Healthcare Systems Design: Must Support the Med Rec Process Collect Clarify Verify Reconcile Educate Communicate Change in… Care Setting Medications
Pt & Family Medication Info Sources Physicians Pharmacies Care Facilities Medical Records 3 rd Party Vendors Pre-Admit Outpt Medication List Inpatient Med List Pre-Admit Outpt Medication List Patient condition & diagnosis Inpatient Med List Outpatient Medication List Pre-Admit Outpt Medication List Pt & Family Physicians Pharmacies Care Facilities HOSPITAL ADMISSION PROCESS DISCHARGE PROCESS COMMUNITY PROCESS Clarification/Verification Discharge Medication Reconciliation Medication Reconciliation: Not So Simple!
Real Life Example: Inpatient Admission Patient admitted through ED –ED Not a good setting for collecting information Triage, stabilize, transfer or discharge Solution: ED Med Rec Techs –Complete when admitted on unit? Nurses busy admitting patient Med Rec challenging and time consuming –Use what was collected in ED? Verify but not thoroughly? Provider prints off what is in system –Unverified, from last admission –Errors perpetuated on Transfer and at Discharge –Garbage In = Garbage Out
Real Life Example: Franciscan Health System Patient Arrives at ED –ED Med Rec Tech Interviews patient or caregivers Records medication information from patient medication bottles Calls outpatient pharmacies, queries available sources, GH Epic, FMG Elysium, etc., contacts patients PCPs Clarifies information with family or caregiver Generates a complete and accurate home med list that is reviewed by a pharmacist List provided to ED or admitting provider to complete medication reconciliation. –Accurate home medication improves transitions in care –Provides a good foundation for Discharge Med Rec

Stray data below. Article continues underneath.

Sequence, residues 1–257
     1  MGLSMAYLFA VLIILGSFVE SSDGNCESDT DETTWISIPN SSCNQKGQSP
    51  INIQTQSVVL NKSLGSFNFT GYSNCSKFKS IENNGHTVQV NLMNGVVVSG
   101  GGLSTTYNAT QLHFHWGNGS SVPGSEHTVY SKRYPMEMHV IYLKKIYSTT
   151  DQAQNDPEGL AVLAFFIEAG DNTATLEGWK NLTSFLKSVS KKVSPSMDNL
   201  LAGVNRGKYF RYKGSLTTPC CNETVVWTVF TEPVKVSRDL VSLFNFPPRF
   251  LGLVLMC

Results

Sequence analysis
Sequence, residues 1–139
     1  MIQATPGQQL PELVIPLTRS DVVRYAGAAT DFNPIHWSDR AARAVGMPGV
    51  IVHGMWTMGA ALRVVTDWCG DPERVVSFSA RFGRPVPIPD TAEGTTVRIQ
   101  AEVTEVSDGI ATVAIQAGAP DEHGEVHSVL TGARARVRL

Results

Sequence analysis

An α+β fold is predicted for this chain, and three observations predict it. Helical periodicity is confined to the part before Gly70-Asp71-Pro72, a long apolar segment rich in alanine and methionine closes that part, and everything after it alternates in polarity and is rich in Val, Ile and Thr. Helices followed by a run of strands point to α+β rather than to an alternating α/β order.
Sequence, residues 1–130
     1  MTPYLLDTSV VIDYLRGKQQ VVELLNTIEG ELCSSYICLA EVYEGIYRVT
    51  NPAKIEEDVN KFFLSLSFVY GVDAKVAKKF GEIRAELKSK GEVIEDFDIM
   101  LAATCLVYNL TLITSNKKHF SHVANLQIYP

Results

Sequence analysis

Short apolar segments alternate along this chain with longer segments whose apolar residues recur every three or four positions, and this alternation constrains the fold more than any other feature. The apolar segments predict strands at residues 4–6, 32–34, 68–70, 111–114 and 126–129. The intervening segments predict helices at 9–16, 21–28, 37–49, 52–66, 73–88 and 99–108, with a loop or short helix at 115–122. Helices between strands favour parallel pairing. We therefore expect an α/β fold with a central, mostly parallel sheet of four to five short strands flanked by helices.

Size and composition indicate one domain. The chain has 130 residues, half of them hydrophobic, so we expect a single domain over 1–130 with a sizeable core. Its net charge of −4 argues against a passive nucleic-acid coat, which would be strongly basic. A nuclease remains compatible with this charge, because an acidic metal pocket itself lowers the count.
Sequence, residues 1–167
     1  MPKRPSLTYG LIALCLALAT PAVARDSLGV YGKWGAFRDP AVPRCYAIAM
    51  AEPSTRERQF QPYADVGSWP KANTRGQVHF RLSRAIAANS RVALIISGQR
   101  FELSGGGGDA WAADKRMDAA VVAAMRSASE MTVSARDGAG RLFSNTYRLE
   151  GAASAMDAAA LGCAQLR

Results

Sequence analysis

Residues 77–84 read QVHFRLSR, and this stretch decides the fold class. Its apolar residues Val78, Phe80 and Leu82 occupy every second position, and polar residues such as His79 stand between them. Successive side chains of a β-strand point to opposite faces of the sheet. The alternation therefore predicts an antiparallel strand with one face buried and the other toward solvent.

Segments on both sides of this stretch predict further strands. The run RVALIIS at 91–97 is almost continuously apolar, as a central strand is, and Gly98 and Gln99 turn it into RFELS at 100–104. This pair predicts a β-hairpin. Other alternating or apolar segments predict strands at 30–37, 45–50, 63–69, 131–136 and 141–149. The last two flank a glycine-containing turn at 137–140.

Real Life Example: Group Health Post-Discharge Medication Reconciliation DischargeHome Primary Care Patients identified who are high risk for readmit Information sent to Clinical Pharmacists for follow up Pharmacist calls patient days post-discharge Med recon and comprehensive medication review Pharmacist updates patients physician Makes medication recommendations 80% of patients have at least one discrepancy resolved.
Safe Transitions Involve Many! Safe transitions are best when we maximize a multi-disciplinary approach Group Health: Specialty Medication Reconciliation involves a variety of disciplines –Medical Assistant: medication verification –Specialist: medication review and hand-off to pharmacist –Pharmacist: comprehensive medication reconciliation and communication to patient and appropriate physicians –Primary Care Provider: authorize prescriptions and carry out ongoing care of patients therapy
INCENTIVIZING CHANGE VIA REGULATORY PROCESS Mandating change and prioritization Technology Adoption
The Joint Commission Medication Reconciliation Requirements TJC introduces NPSG 8 Med Rec required for accreditation NPSG minor revisions NPSG major revisions planned Scoring suspended and some simplification New standards created & released A 6-year journey to improve patient safety 2012 Implementation of new standard
TJC 2011 Medication Reconciliation National Patient Safety Goal #3: Improve the safety of using medications NPSG : Maintain and communicate accurate patient medication information Applies to: Hospitals, including Critical Access Hospitals Ambulatory Care Office (Ambulatory) Surgery Home Care Long-term Care Behavioral Health
Medicare Reimbursement The Patient Protection and Affordable Care Act (H.R. 3590) At Risk: 1% reduction in FY2013 and will Rise to 3% by FY2015 Hospital Consumer Assessment of Healthcare Providers and Systems (HCAHPS) (Section 3001) At Risk: 1% in FY2013 growing annually to 2% in FY2017 (70% Core Measures + HAI and 30% HCAHPS) Core Measures (Section 3001) Healthcare-Associated Infections (HAI) (Section 3001) COPD, CABG, PTCA, etc. AMI, PNE, HF Readmission Rates (Section 3025) At Risk: 1% reduction beginning FY2015 Hospital Acquired Conditions (HAC) (Section 3008) 5 Value-Based Purchasing (VBP)